Low Birth Weight Ups Type 2 Diabetes Risk

NEW YORK: Children born with low birth weight due to genetic factors are at increased risk of developing Type 2 diabetes, finds a new study.

The findings showed that the low birth weight was actually causing excess risk in Type 2 diabetes.

“A genetically lowered birth weight was associated with increased susceptibility to Type 2 diabetes,” said Tiange Wang from Tulane University in the US.

Low birth can cause restricted intrauterine growth (foetal growth) — a condition in which an unborn baby is smaller than it should be because it is not growing at a normal rate inside the womb.

Further, this restricted foetal growth also represents a risk factor for the low birth weight and in turn causing the Type 2 diabetes.

Risk factors for restricted intrauterine growth include malnutrition, anaemia, infections and placental insufficiency.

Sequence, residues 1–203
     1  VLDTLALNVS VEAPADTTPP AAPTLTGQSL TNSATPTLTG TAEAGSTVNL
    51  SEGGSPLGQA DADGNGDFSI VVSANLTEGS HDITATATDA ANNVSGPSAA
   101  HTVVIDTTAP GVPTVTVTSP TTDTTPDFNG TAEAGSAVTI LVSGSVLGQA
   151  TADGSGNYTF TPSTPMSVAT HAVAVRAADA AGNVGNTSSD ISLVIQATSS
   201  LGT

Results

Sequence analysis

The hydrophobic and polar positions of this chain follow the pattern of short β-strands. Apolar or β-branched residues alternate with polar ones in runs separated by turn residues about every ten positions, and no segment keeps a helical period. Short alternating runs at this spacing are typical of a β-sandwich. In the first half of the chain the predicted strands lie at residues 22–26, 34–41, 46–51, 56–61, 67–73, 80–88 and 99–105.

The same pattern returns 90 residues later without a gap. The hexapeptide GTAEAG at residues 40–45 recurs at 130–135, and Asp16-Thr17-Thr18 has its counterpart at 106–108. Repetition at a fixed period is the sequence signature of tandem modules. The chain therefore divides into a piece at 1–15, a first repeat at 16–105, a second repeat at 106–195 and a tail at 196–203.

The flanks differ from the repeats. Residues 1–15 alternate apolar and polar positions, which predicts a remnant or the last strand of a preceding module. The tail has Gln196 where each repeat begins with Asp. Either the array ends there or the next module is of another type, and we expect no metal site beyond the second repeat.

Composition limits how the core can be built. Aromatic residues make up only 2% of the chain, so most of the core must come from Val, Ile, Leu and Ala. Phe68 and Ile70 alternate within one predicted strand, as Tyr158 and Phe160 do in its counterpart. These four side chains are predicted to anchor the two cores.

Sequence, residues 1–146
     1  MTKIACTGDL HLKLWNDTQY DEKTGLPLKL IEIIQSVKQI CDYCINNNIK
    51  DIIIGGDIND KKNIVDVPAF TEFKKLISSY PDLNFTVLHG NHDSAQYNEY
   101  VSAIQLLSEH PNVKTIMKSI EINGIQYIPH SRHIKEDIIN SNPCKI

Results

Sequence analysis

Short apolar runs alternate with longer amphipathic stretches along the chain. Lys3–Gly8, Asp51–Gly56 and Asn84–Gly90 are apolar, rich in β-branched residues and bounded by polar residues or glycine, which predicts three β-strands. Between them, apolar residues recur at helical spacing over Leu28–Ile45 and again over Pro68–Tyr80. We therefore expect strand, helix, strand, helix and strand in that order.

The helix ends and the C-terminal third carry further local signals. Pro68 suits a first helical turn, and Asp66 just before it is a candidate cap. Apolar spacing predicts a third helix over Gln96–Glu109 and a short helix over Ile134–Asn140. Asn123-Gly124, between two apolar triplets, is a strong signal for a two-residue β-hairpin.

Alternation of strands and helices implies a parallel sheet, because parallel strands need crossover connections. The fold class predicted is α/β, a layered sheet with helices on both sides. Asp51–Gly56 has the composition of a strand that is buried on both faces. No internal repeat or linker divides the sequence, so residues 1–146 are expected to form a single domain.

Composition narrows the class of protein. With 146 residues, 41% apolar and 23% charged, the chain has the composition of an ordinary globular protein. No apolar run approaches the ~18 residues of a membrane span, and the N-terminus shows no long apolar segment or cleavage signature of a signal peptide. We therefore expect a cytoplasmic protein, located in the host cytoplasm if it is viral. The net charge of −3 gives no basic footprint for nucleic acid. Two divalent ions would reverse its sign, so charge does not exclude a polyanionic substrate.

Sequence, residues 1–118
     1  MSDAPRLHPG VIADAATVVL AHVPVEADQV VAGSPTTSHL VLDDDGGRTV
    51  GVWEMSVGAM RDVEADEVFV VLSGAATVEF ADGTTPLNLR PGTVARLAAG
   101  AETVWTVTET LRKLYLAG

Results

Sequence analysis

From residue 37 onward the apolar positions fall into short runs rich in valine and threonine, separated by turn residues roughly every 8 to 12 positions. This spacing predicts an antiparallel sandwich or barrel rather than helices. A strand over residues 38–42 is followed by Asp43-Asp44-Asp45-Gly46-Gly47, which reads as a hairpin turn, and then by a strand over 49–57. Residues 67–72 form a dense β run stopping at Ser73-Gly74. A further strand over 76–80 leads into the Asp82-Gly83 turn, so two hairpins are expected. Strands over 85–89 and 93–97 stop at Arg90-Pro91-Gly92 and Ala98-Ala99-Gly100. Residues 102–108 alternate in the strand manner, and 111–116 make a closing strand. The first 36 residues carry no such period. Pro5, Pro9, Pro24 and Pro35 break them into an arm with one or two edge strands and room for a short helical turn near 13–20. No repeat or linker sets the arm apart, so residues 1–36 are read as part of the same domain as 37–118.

“Our findings support a potential causal relation between birth weight and risk of Type 2 diabetes, providing novel evidence to support the role of intrauterine exposures in the pathogenesis of type 2 diabetes,” Wang added.

Evidence from both population and experimental studies has suggested that restricted early life development has long-term structural and functional influence on individuals’ predisposition to an increased risk of metabolic diseases such as Type 2 diabetes, said the paper published in the journal Diabetologia.

The study included 3627 Type 2 diabetes cases and 12,974 controls.

The team created a genetic risk score (GRS) based on five low birth weight-related genetic variations known as single nucleotide polymorphisms (SNPs).

The analysis showed that for each one point increase in GRS (with the score ranging from 1-10), the risk of developing Type 2 diabetes increased by six per cent.